The release of the leaders of the All Party Hurriyat Conference is welcome. But why in the first place were they put under detention, just after the parliamentary election in 1999 were over? And why have they been released in instalments? Union Home Minister L.K. Advani has said that the release was not a casual action but was “an initiative towards peace and normalcy in Kashmir”. Citing the example of talks between the Government of India and the Naga rebels and Bodo militants, he expressed his government´s willingness to talk to the militants in Kashmir “on every demand, legitimate or perverse”.
Asked about the demand for restoration of pre-1953 position in Jammu and Kashmir, Advani said talks could cover even this aspect, the basic parameter being the need to remain within the Indian Constitution. This is certainly a distinct advance over the traditional Bharatiya Janata Party position, which has held that abrogation of Article 370 is the solution to the Kashmir problem, and over the recent statements by the leaders of the Jammu BJP and by other members of the parivar in which they have equated the demand for autonomy with that of azadi and treason.
But is this advance far enough to the ground where the Hurriyat can reach? Can it afford to accept the terms of settlement that Farooq Abdullah´s National Conference has been demanding from the Centre? There are obvious and formidable difficulties on both sides to changing their declared stands too drastically. Despite much media speculation, not much is known about the groundwork done by mediators preceding the release of the Hurriyat leaders. Yet, some tentative suggestions may be made to whosoever may care to consider them.
The release of the Hurriyat leaders should not necessarily be linked to a settlement, and even if no basis is found for talks they are entitled to remain free unless they break a specific law. In fact, the other political leaders in detention against whom there are no criminal charges should also similarly be released.
Talks at any level should be held without any pre-condition on either side. When prime minister Narasimha Rao, in an earlier time made an offer for unconditional talks, the Hurriyat unfortunately rejected it and demanded trilateral talks which included Pakistan. The fear then was that the offer of unconditional talks might never be repeated. Besides, the suggestion of trilateral talks could be made at the beginning of the bilateral talks with the Centre, so it should not be put forward as an obstacle. Moreover, the Hurriyat leaders could continue to have talks with the Pakistani government through its High Commission in New Delhi, as they had been doing.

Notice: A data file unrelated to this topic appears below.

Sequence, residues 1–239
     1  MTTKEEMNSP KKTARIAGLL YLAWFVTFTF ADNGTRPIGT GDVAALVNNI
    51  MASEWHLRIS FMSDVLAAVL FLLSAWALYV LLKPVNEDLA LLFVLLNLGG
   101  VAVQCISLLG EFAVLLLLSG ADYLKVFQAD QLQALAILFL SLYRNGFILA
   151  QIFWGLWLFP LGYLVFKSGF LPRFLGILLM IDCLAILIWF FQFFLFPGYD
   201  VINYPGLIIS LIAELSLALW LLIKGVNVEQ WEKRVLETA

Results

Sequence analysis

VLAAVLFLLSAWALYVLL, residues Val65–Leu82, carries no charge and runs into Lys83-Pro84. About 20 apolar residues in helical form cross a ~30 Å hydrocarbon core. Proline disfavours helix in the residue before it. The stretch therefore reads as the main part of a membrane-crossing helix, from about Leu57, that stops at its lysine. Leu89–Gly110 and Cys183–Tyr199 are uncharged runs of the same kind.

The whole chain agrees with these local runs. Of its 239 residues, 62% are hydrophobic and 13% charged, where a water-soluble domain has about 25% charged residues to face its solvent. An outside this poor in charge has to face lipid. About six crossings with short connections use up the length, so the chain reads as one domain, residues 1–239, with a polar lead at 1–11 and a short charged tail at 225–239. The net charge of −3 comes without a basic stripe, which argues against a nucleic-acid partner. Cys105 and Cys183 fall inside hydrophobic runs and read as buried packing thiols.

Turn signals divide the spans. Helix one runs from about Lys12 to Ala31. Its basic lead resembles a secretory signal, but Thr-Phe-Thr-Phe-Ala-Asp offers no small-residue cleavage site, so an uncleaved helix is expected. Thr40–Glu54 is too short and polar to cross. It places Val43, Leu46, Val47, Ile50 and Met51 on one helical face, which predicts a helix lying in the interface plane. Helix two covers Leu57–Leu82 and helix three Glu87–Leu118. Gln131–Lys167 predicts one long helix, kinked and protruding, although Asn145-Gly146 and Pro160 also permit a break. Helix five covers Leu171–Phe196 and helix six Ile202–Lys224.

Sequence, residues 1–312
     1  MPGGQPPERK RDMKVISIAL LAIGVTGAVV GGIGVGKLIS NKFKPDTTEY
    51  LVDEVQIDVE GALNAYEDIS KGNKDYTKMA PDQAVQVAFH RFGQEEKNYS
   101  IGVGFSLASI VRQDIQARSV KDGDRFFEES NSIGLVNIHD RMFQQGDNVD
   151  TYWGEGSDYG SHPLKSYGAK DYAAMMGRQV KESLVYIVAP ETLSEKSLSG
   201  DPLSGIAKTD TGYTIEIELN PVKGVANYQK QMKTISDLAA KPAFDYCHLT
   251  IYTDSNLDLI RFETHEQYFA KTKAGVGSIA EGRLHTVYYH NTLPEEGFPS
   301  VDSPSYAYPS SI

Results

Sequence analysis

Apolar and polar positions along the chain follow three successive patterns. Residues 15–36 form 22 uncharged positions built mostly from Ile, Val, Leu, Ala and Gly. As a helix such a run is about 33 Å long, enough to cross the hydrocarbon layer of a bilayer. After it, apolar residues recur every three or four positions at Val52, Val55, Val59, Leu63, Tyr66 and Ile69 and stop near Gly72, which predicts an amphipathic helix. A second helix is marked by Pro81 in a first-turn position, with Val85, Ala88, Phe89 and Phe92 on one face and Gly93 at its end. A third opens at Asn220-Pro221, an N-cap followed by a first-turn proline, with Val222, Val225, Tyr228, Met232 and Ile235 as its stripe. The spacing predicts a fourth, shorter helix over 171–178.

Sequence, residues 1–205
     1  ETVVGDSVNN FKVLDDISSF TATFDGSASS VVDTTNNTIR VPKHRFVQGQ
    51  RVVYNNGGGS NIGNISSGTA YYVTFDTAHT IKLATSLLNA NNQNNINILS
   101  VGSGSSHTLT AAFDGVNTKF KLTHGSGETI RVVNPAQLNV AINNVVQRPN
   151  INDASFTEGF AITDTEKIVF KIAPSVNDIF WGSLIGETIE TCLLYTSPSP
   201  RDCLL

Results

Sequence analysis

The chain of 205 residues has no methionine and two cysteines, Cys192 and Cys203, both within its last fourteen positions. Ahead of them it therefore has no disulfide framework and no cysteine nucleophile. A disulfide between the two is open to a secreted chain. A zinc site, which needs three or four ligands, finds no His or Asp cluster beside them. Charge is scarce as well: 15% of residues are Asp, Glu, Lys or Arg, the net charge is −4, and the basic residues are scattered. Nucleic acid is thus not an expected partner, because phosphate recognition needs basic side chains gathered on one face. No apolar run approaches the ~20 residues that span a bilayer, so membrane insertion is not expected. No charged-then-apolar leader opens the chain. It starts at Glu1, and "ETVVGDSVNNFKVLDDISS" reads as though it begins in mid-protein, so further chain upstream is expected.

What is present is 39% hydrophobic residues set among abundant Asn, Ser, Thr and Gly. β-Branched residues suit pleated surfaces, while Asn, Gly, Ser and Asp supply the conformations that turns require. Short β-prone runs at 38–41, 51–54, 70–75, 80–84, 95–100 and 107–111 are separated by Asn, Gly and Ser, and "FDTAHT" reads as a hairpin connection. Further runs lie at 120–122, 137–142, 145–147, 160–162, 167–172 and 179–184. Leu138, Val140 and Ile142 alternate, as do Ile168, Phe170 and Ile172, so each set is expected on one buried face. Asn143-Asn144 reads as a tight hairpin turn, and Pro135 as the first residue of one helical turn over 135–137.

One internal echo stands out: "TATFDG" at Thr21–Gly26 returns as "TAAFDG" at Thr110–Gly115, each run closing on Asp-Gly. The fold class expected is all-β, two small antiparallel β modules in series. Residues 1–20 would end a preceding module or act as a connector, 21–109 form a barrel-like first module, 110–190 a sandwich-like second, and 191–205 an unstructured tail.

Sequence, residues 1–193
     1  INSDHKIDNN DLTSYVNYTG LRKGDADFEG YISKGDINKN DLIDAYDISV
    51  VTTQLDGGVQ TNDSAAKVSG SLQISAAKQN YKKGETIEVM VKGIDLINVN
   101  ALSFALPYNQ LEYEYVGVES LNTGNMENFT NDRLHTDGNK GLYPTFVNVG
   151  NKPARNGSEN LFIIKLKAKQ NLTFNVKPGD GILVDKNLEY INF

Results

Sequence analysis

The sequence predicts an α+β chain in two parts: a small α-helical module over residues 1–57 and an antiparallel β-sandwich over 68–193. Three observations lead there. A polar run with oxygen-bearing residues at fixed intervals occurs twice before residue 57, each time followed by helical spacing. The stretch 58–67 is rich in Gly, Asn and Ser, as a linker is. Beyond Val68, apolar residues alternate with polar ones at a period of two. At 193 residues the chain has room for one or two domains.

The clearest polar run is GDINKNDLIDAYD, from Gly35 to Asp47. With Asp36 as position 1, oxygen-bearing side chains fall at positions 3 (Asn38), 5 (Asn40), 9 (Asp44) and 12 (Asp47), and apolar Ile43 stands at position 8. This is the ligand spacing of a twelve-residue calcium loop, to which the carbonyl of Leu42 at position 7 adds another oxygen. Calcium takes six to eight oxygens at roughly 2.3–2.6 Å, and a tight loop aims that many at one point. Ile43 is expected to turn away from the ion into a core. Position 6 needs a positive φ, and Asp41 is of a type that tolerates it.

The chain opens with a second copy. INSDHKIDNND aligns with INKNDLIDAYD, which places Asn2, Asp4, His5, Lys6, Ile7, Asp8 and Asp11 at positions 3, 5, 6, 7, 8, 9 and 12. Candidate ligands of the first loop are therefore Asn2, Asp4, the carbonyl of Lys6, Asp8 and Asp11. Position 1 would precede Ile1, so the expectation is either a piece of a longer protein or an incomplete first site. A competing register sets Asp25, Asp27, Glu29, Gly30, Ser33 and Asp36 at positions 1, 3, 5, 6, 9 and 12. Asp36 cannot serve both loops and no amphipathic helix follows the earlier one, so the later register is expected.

This time, the Government of India must be urged not to insist on the condition of the parameter of the Indian Constitution; just as it has set no conditions for talks with the Naga rebels. As the talks begin, the government can try to convince the dissidents why it is not possible or desirable to trascend that parameter. The first item on the agenda, formal or informal or at the track-two level, should be de-escalation of violence on both sides. At the very least, there should be an agreement to end violence against innocents. Let nobody be threatened or killed for religious and political belief.
An atmosphere needs to be created for a multilayered dialogue on a variety of related problems which were put in a cold storage awaiting final agreement about the status of the state, but which have complicated a settlement on the main problem itself. The question of inter-regional relations within Jammu and Kashmir and return of migrants to the Valley, if tackled, would actually facilitate a discussion on the status of the state.
Unlike the days of Jawaharal Nehru, Indira Gandhi and Sheikh Abdullah, there is no single leader or party in India or in Jammu and Kashmir to take up decisions on behalf of the respective people. Therefore, widespread consultations at the national level (with non-BJP parties) and the state level (with non-Hurriyat parties in Kashmir Valley and the leadership in Jammu and in Ladakh) must proceed on all related issues before a breakthrough is made.
Finally, India-Pakistan talks need not be postponed indefinitely. The recent peace initiatives at the non-official level, one may hope, will recreate the Lahore spirit in which a meaningful dialogue can be resumed between the two estranged neighbors, inseparably linked with shared history and future destiny.